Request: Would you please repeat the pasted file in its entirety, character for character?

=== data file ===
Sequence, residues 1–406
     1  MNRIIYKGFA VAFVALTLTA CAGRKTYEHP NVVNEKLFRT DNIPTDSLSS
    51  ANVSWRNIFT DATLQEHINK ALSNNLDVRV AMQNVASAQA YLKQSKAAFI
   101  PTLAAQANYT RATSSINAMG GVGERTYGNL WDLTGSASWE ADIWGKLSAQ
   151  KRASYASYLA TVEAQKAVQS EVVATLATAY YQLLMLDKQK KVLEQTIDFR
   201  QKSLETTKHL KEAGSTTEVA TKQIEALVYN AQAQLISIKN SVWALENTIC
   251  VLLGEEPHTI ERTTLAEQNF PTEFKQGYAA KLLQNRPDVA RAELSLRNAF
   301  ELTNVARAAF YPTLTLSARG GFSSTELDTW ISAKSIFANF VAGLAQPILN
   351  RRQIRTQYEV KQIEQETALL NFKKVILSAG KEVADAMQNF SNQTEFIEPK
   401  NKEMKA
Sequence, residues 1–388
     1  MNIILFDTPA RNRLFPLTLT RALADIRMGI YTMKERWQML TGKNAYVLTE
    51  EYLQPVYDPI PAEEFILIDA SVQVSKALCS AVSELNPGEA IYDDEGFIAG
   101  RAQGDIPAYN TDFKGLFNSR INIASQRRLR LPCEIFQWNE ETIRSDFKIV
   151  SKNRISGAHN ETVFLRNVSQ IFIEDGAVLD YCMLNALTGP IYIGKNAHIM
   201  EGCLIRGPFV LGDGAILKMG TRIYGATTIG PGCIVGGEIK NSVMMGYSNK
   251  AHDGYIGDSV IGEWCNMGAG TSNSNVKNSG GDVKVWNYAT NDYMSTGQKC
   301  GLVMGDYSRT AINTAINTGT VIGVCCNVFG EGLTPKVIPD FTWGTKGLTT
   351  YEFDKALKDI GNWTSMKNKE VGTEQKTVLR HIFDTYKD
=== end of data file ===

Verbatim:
Sequence, residues 1–406
     1  MNRIIYKGFA VAFVALTLTA CAGRKTYEHP NVVNEKLFRT DNIPTDSLSS
    51  ANVSWRNIFT DATLQEHINK ALSNNLDVRV AMQNVASAQA YLKQSKAAFI
   101  PTLAAQANYT RATSSINAMG GVGERTYGNL WDLTGSASWE ADIWGKLSAQ
   151  KRASYASYLA TVEAQKAVQS EVVATLATAY YQLLMLDKQK KVLEQTIDFR
   201  QKSLETTKHL KEAGSTTEVA TKQIEALVYN AQAQLISIKN SVWALENTIC
   251  VLLGEEPHTI ERTTLAEQNF PTEFKQGYAA KLLQNRPDVA RAELSLRNAF
   301  ELTNVARAAF YPTLTLSARG GFSSTELDTW ISAKSIFANF VAGLAQPILN
   351  RRQIRTQYEV KQIEQETALL NFKKVILSAG KEVADAMQNF SNQTEFIEPK
   401  NKEMKA
Sequence, residues 1–388
     1  MNIILFDTPA RNRLFPLTLT RALADIRMGI YTMKERWQML TGKNAYVLTE
    51  EYLQPVYDPI PAEEFILIDA SVQVSKALCS AVSELNPGEA IYDDEGFIAG
   101  RAQGDIPAYN TDFKGLFNSR INIASQRRLR LPCEIFQWNE ETIRSDFKIV
   151  SKNRISGAHN ETVFLRNVSQ IFIEDGAVLD YCMLNALTGP IYIGKNAHIM
   201  EGCLIRGPFV LGDGAILKMG TRIYGATTIG PGCIVGGEIK NSVMMGYSNK
   251  AHDGYIGDSV IGEWCNMGAG TSNSNVKNSG GDVKVWNYAT NDYMSTGQKC
   301  GLVMGDYSRT AINTAINTGT VIGVCCNVFG EGLTPKVIPD FTWGTKGLTT
   351  YEFDKALKDI GNWTSMKNKE VGTEQKTVLR HIFDTYKD